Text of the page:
Every October 16, the world marks World Food Day. This year’s theme – ‘social protection and agriculture, breaking the cycle for rural poverty’ – requires us to recognise the importance of food security and income enhancement. It means empowering rural-based farmers through strong social security systems and safety nets for sustainable food security. This should be our focus in eradicating hunger and poverty, providing food and nutrition
security, wise use and effective (sustainable) management of natural resources, protecting our environment thus achieving sustainable development, particularly in rural areas.
Small-holder farming in rural areas is inextricably linked to food security both in developing and developed countries. It is the most predominant form of agriculture in the food production sector, including all household-based agricultural activities. It is also linked to several areas of rural development and income enhancement to improve livelihoods at the household level. Our challenge is to build Uganda’s agricultural capacity by shifting from feeding people to helping them feed themselves, increase the quality and quantity of their produce and significantly improve their household incomes.
The Government of Uganda and other stakeholders should focus more on training small-holder farmers in critical skills such as post-harvest handling, proper storage, preservation and agribusiness. This can go along with increasing investments in productive infrastructure such as roads, markets, agro-processing industries, modern stores or warehouses. If this is implemented, many rural farmers will be able to meet their basic food and nutritional needs and increase their household incomes, especially the surplus producing rural small-holder farmers.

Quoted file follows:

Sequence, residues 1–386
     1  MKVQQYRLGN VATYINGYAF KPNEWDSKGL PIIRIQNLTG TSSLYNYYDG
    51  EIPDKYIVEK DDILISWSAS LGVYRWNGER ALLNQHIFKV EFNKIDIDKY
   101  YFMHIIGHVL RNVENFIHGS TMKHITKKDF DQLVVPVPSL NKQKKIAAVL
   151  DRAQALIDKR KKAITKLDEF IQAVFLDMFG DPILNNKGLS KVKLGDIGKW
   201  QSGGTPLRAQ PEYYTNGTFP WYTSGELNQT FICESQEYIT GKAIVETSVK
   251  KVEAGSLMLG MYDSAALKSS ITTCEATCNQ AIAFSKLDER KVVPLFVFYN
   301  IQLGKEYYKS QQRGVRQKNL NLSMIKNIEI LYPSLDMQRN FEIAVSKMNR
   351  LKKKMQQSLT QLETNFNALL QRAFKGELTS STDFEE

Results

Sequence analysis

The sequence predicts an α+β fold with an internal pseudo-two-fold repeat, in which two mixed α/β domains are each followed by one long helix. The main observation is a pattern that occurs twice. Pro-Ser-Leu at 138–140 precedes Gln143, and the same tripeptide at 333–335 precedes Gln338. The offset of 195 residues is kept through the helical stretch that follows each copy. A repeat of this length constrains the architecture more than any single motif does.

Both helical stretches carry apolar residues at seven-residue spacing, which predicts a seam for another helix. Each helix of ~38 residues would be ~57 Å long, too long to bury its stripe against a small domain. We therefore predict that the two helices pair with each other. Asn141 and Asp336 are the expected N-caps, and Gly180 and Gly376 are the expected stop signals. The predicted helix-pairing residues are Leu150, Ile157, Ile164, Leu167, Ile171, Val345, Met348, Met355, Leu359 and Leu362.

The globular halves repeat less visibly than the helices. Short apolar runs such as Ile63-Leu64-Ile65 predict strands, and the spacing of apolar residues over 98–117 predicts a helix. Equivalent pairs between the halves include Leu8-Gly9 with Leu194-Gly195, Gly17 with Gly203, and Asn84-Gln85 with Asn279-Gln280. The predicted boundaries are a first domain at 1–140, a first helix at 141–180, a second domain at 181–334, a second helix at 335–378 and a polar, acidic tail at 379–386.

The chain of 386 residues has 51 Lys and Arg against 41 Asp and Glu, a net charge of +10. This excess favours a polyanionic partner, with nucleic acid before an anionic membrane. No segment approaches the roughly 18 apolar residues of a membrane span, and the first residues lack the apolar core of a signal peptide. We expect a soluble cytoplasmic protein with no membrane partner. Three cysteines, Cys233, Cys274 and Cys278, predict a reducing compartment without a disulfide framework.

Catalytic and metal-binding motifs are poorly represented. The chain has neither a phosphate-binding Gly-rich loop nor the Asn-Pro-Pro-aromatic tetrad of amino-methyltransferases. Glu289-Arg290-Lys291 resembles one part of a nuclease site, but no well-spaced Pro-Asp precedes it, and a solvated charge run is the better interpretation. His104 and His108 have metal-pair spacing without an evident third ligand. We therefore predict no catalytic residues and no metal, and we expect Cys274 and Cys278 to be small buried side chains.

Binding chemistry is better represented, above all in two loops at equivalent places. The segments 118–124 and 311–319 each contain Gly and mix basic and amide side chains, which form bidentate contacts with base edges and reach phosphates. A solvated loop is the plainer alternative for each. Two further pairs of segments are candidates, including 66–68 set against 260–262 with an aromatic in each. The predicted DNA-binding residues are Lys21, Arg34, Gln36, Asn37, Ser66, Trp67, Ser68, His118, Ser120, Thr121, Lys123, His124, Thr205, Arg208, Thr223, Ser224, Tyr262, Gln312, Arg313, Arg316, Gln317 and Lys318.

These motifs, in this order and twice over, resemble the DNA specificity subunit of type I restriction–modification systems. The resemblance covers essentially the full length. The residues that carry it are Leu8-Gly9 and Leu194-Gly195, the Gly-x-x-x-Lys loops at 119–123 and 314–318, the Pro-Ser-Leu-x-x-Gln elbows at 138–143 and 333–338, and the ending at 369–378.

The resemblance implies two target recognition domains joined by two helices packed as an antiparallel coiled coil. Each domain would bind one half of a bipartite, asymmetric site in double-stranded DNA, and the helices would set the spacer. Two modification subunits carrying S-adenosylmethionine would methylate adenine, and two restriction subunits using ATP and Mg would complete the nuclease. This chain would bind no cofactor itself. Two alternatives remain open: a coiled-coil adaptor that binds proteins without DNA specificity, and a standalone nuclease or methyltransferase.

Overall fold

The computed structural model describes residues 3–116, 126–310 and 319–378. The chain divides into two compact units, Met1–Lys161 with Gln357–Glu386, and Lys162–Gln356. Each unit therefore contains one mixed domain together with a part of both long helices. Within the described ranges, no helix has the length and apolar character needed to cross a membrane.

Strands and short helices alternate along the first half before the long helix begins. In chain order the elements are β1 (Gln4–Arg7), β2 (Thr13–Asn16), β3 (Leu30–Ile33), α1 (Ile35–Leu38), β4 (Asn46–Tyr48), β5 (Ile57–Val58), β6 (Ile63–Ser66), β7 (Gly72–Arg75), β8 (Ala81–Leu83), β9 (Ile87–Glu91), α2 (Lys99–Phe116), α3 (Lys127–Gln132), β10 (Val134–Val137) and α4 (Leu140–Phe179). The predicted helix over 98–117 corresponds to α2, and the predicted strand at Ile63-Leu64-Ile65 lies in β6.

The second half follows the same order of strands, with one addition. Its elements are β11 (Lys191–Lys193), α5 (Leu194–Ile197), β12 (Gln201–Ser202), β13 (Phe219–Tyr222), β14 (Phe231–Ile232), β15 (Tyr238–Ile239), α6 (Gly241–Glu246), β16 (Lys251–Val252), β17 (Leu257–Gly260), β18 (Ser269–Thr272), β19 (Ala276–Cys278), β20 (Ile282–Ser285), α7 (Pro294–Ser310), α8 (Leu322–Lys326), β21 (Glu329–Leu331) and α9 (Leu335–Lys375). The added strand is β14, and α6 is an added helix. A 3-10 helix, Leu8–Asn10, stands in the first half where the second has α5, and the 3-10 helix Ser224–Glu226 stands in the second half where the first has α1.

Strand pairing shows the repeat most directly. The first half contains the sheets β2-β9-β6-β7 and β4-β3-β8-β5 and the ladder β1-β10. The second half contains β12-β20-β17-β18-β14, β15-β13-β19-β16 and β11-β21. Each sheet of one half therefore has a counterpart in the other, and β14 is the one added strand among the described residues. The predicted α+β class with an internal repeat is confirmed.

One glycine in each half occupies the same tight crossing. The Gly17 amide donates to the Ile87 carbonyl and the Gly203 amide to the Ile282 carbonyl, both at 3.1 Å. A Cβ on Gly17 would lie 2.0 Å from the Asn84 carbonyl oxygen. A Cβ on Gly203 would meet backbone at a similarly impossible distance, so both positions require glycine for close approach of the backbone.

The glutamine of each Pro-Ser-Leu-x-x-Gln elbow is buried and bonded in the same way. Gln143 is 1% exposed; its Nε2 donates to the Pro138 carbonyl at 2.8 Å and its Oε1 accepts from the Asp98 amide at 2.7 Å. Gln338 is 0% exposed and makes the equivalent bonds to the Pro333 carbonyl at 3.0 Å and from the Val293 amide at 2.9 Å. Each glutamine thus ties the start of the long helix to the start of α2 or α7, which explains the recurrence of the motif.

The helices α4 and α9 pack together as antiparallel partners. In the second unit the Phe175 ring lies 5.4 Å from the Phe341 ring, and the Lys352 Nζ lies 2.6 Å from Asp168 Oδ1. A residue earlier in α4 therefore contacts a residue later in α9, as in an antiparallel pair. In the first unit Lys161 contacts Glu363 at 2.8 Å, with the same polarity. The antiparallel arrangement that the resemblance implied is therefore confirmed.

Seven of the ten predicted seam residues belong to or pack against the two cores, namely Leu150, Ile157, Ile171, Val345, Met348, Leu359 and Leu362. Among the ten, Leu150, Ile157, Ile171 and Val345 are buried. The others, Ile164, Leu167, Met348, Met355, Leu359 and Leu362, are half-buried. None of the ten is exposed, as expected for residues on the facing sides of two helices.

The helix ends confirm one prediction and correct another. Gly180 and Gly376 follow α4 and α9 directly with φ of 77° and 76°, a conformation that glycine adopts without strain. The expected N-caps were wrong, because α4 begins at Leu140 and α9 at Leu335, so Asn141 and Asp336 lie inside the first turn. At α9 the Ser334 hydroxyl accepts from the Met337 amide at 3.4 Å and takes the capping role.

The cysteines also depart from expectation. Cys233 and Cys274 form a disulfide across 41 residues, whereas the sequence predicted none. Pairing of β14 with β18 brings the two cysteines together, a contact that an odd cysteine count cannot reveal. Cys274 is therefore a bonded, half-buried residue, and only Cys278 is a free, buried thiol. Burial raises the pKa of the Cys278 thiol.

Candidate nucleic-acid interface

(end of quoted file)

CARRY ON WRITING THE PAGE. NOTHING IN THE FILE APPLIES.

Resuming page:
As a result, Uganda will become less vulnerable to hunger and poverty. The Operation Wealth Creation should also focus on promoting public-private sector partnership in building the necessary infrastructure for value addition to reduce post-harvest food losses at the household level.
Despite overall progress, marked differences across regions persist. Sub-Saharan Africa still has the highest prevalence of undernourishment, with modest progress in recent years. Most households in rural areas unusually depend on remittances from family members in towns /cities or homesteads as the main form of social protection. Remittances, which have globally become three times larger than official development assistance, have significant impacts on poverty and food security. Remittances can help to reduce poverty at household level and given appropriate policies, can increase on-farm investments by different families.
Long-term commitment to mainstreaming food and nutrition security in public policies is key to hunger reduction, especially when it is accompanied by sustainable management of land as a natural capital in building low carbon and resilient communities through effective participation and involvement of all families.
Keeping food security and rural agriculture high on the development agenda through comprehensive reforms, improvement in investment climate, land reforms, supported by sustained social protection, is crucial in achieving major reductions in poverty and undernourishment. However, these policies should be accompanied by strategic capacity building and knowledge enhancement to enforce practicability of the desired levels.
Mr Majwala is the president of Sustainable World Initiative-East Africa.